He wrote that he knew of instances of a basket full of these little birds had been forwarded to New Orleans by a hunter as a Christmas present. They never arrived. "I afterwards discovered that the steward of the steamer, in which they were shipped, made pies of them for the benefit of the passengers." 

I also learned that Audubon was born as Jean-Jacques Audubon in Les Cayes in the French colony of Saint-Domingue (now Haiti).  He moved to France at young age. 

Although we think of Audubon as a very American character, he almost certainly spoke with a strong French accent.  (Although I haven't been able to confirm that with a contemporary letter account.)  


Search Lessons:  While there are often many ways to learn the identity of a bird, the simplest way is often the best.... but with careful checking to make sure the details line up.  

Note that birds (plants, animals, people, countries) often change their names over time.  Audubon's "Cedar Bird" quickly changed to "Cedar Waxwing" when was grouped with other waxwings in North America.  

As always, it's good to use multiple sources to validate your identification.  Turning to well-known sources (e.g., the Peterson guides) is a great way to also pick up the identification tricks you need to be good at this.  

Finally, remember that sometimes specialist external resources (OCLC's WorldCat index across thousands of libraries) can help you find exactly the object you need.  Google doesn't have this information, but this is precisely what WorldCat does best.  

Search on! 


And many thanks to Bill Walker for the use of his marvelous picture of the Cedar Waxwings.  


Wednesday, April 9, 2014

Wednesday Search Challenge (4/9/14): What kind of bird is that?

It's spring in Palo Alto, finally, after a long delayed arrival of the rains.  The start of the year has started late, so everything is a bit delayed.  The flowers are slow in arriving, and look to be a bit shorter and a bit fewer this year. 

But just recently one of my favorite springtime events took place to set everything aright. 

I stepped outside and heard a very high pitched, slight, piping sound coming from a large number of birds.  I have a large bush that's full of berries, and in the bush I saw lots of movement.  A flock of my favorite birds had returned to have a breakfast en masse.  They seem to sweep through twice a year, once in spring, and once in the fall, as they migrate from place to place, always pausing where there's food.  

I tried taking a picture, but my lens wasn't long enough and they're pretty fast.  Luckily, my good friend (and superb photographer) Bill Walker was able to take this wonderful photo. 

Credit:  Bill Walker. Link to his site.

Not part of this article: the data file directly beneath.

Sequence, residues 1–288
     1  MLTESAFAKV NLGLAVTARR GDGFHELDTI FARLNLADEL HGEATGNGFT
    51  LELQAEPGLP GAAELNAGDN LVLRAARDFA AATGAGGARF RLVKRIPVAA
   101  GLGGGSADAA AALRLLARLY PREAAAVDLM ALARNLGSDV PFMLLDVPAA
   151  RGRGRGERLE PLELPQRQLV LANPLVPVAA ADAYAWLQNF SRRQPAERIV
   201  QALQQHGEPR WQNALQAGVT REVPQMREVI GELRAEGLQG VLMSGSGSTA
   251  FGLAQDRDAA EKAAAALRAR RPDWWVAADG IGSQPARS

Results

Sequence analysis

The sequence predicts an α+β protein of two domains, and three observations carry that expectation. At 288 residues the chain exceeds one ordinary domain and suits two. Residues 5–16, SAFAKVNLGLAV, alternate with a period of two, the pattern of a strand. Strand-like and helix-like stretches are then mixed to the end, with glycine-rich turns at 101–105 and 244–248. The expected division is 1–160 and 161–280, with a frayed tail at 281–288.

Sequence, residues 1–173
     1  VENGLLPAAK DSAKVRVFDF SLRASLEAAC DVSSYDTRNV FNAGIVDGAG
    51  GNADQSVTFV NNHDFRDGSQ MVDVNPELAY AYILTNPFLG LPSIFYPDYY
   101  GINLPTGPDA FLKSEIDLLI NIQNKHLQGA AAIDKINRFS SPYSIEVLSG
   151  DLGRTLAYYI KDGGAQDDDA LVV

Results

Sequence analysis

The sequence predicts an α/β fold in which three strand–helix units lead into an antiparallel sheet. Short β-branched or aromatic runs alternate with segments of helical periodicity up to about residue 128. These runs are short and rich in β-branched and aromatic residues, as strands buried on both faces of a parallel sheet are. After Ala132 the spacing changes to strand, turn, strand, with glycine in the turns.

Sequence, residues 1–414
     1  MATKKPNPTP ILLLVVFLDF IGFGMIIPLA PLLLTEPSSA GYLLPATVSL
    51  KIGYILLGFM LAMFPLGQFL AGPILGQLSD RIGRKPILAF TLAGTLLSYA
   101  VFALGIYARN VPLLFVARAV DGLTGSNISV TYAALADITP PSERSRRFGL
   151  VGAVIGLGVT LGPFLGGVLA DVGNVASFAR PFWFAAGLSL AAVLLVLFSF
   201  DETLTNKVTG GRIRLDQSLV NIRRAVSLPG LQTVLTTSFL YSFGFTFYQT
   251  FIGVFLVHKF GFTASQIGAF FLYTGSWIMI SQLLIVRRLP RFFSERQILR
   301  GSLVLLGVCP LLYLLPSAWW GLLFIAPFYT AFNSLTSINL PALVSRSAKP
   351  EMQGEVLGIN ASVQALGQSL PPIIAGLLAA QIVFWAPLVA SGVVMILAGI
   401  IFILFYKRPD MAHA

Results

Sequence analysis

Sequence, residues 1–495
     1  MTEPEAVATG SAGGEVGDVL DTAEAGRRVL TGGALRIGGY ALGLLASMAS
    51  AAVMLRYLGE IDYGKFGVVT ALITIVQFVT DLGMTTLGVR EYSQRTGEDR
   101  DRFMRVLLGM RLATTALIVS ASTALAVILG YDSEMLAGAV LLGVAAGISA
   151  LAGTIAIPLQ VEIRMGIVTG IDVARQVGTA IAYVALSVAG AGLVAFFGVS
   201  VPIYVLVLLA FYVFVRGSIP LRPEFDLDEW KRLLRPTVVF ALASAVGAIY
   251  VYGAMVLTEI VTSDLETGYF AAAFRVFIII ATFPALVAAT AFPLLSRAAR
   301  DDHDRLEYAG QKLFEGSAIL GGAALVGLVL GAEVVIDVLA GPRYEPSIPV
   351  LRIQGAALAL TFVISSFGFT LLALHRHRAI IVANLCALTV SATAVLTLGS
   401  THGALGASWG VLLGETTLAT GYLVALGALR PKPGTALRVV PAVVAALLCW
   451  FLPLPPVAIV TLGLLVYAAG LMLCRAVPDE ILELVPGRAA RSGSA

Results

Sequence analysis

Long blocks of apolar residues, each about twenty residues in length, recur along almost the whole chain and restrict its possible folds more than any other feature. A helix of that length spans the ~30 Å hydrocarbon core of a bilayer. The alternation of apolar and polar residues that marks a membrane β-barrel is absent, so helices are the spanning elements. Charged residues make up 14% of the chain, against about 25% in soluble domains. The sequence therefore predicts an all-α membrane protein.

These truly are my favorite birds, although some farmers might think otherwise.  There's something about their sleek appearance and very social behavior that make them seem especially interesting.  

Although I know what kind of bird this is, I thought on the occasion of their annual migration, they would make for an curious Search Challenge.  

Obviously, you could just do an image search and find this picture on Bill's site, and then you'd have the answer.  But let's see if we can solve this WITHOUT search-by-image.  (There's method in my madness--suppose I'd taken the photo and not posted it onto the net, in that case, search-by-image often doesn't work.  We need to develop this "regular search" skill for birds as well.)  

1.  What kind of birds are these?  (Common name and Latin names, please.  No fair using Search-By-Image this time!)  
2.  In his masterwork on the illustrations of American birds, the great artist and ornithologist John James Audubon gave this bird a common name that is no longer used.  What is the common name that he used for this bird? 
3.  Speaking of that book--I'd really like to see an actual copy of the masterwork.  Where's the closest copy to me (in California)?  (For extra credit:  Is there a copy I could actually touch and turn the pages with my own (gloved) hands?) 

Let us know how you found the answers.  I'll tell you what I know on Friday. 

Search on! 


Friday, April 4, 2014

Answer: What's the connection?



Thanks to everyone who solved this Challenge.  It wasn't that hard, but it's good to mix things up every so often.  I promise that next week will be a bit more... challenging!    

The challenge for this week was to make some sense out of a scribbled note I found in my stuff: 


1.  What's the connection between "sea fencibles" and the US National Anthem? 

To start with, I didn't know what "sea fencibles" were (are?), so I did the obvious search: 

     [sea fencibles] 

which led to the obvious Wikipedia page about the Sea Fencibles.  

There I learned that the "Fencibles" began with in the United Kingdom as an "organized sea defence by local fisherman to prevent invasion." That is, a kind of locals irregular coast guard.  The idea was carried over to the US and became a more-or-less official unit of the military. 


There I also learned that during the War of 1812 there were sea fencibles set up in Baltimore. "At Baltimore, two companies were raised under the command of Captains Matthew S. Bunbury and William H. Addison." They were attached to the War Department. 

As Jon, the Unknown, pointed out: The word “fencibles” were defined as corps raised for limited service, exercised in the use of musketry and sea-board defense fixed fortifications and the maneuvering of gunboats. Though seamen in general they were under the U.S. War Department and issued muskets and accoutrements. However, they (except for the officers who wore the standard U.S. Infantry uniform) wore no standard uniform, only the clothing of their trade.